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Quebec MP Thomas Mulcair speaks during the NDP leadership debate in Ottawa on Dec. 4, 2011. (BLAIR GABLE/Blair Gable/Reuters)
Quebec MP Thomas Mulcair speaks during the NDP leadership debate in Ottawa on Dec. 4, 2011. (BLAIR GABLE/Blair Gable/Reuters)

Crunching Numbers

Mulcair gathering steam in NDP race, Wikipedia tea leaves suggest Add to ...

The race to become the NDP’s next leader is moving into its final stretch, with five more debates planned before the vote is held on March 24. But the campaign to succeed the late Jack Layton is now almost four months old and there is precious little to indicate who might be leading the pack. An unlikely source, however, could provide a clue.

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Being an online encyclopedia that anyone can edit, Wikipedia is often maligned as a source of unreliable information. It is nevertheless one of the most popular websites in the world and its pages are often among the first that come up in any internet search. The views each individual Wikipedia page receives every day are tracked and these statistics are publicly available. Might this be of any use?

The number of views the pages of Dalton McGuinty, Tim Hudak, and Andrea Horwath received during the final two weeks of the 2011 Ontario election campaign ranked in the same order as their parties did on election night. Traffic for Mr. McGuinty’s page moved ahead of that of Mr. Hudak’s in the final days of the campaign, echoing what the polls were suggesting was the case at the time.

In mid-April during the federal election campaign, when New Democratic support in Quebec spiked, the NDP’s French Wikipedia page began to receive more views than that of any other party – after previously having lagged behind.

An analysis of Wikipedia page views would have suggested that Alison Redford was a far more important candidate than was generally thought during the Alberta Progressive Conservative leadership race, and it would have also shown that Christy Clark was the leading contender to replace Gordon Campbell as leader of the B.C. Liberals (even accurately suggesting in what order the three other contenders would finish).

In the most recent federal leadership race, the traffic of the French pages of the three Bloc Québécois leadership hopefuls suggested Daniel Paillé would eventually prevail. The numbers also indicated that Maria Mourani was a far more popular candidate than Jean-François Fortin, who was eliminated on the first ballot. During the campaign itself, it was generally (and erroneously) thought that Mr. Fortin was a stronger candidate than Ms. Mourani.

Having been an intriguingly successful indicator in the past, what might Wikipedia’s traffic tell us about the NDP leadership race?

Between September, when the campaign was formally launched, and the end of December, Thomas Mulcair’s French and English Wikipedia pages have received the most visits of any candidate: almost 17,806. Brian Topp comes second with almost 16,647 visits. In the first months of the race, these two men were widely considered to be the front-runners.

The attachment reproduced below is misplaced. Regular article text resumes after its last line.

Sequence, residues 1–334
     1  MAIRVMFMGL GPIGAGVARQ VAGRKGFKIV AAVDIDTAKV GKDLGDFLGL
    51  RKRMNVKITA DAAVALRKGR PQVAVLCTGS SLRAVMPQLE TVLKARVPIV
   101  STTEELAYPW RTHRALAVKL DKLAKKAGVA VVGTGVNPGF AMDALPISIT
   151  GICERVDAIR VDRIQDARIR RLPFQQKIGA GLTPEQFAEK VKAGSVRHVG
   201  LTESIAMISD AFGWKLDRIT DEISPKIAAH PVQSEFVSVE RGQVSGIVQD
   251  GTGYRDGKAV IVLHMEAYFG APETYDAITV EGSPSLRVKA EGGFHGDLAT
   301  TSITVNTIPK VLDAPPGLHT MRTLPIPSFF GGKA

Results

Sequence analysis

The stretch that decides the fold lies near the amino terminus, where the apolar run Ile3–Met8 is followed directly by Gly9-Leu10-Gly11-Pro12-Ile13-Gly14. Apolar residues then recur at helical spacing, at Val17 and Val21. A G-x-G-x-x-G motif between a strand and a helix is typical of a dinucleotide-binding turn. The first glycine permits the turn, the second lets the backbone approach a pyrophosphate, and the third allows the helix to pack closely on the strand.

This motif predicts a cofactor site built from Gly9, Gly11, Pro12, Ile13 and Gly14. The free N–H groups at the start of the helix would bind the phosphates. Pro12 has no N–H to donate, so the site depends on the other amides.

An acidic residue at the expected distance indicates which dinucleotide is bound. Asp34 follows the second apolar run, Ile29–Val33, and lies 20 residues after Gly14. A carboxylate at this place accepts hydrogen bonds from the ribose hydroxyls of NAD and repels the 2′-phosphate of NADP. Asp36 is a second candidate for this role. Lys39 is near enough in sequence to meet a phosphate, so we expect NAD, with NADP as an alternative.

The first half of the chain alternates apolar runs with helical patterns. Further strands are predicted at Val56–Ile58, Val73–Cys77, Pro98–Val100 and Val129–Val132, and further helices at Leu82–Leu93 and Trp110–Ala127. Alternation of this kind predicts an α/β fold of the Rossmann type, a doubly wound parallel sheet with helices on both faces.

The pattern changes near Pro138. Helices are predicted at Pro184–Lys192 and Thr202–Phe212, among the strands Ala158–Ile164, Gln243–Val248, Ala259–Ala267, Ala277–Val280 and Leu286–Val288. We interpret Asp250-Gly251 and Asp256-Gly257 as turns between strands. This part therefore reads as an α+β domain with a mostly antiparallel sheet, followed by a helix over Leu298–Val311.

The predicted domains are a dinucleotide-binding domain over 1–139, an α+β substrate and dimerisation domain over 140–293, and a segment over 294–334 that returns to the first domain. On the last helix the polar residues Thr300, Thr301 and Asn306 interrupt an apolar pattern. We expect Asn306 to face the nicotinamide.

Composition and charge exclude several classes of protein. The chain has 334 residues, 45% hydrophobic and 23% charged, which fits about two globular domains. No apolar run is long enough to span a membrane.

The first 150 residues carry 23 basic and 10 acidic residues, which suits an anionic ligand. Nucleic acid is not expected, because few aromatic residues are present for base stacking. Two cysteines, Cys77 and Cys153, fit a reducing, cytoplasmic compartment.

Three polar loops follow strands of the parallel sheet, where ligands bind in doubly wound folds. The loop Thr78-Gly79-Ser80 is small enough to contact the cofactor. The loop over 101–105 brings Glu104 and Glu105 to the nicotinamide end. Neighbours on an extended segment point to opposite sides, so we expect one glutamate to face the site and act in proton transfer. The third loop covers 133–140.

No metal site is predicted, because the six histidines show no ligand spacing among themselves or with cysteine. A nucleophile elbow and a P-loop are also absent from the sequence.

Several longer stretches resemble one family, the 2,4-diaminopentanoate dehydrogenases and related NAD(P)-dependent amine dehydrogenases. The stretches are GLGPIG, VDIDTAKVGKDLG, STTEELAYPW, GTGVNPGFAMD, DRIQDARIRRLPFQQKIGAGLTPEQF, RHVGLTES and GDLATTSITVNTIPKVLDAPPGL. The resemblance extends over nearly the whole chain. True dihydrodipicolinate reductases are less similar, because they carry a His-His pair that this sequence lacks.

The limits of what these statistics can tell us, however, become quickly apparent. Niki Ashton and Martin Singh are third and fourth, respectively, in total page views. The most likely reason is that both of these candidates are relatively unknown while also having traits (Ms. Ashton is the youngest candidate, Mr. Singh is a Sikh) that make them stand out, leading people who know nothing about them to look them up.

Robert Chisholm, the first candidate to drop out of the race, received the fewest visits over the last four months of 2011, while Roméo Saganash (6,611 visits) and Nathan Cullen (5,772 visits) were the next two lowest. Peggy Nash, at 9,898 views, and Paul Dewar, with 7,948, finished in the middle of the pack.

If we focus on the four candidates generally seen as the main contenders (Mr. Dewar, Mr. Mulcair, Ms. Nash and Mr. Topp), we see that Mr. Topp’s campaign launch started strong with almost as many views in September as the three others combined. Mr. Mulcair received the most views in October, when his campaign was launched, while the three other candidates fared generally even.

Over the last two months, however, Mr. Mulcair has held a narrow edge over Ms. Nash. Mr. Topp has fallen to third. This matches nicely with what many have perceived as the current state of the race – that Mr. Topp is now trailing behind Mr. Mulcair and Ms. Nash.

But the amount of traffic may in large part be driven by the media attention each candidate is receiving rather than their popularity within the party. Any similarities between Wikipedia traffic and election results may be mere coincidence and too much should not be read into these results. However, with so few indicators available, and with this one having had some success in the past, these tea leaves may be just as prescient as any other currently on offer.

Eric Grenier writes about politics and polls at ThreeHundredEight.com

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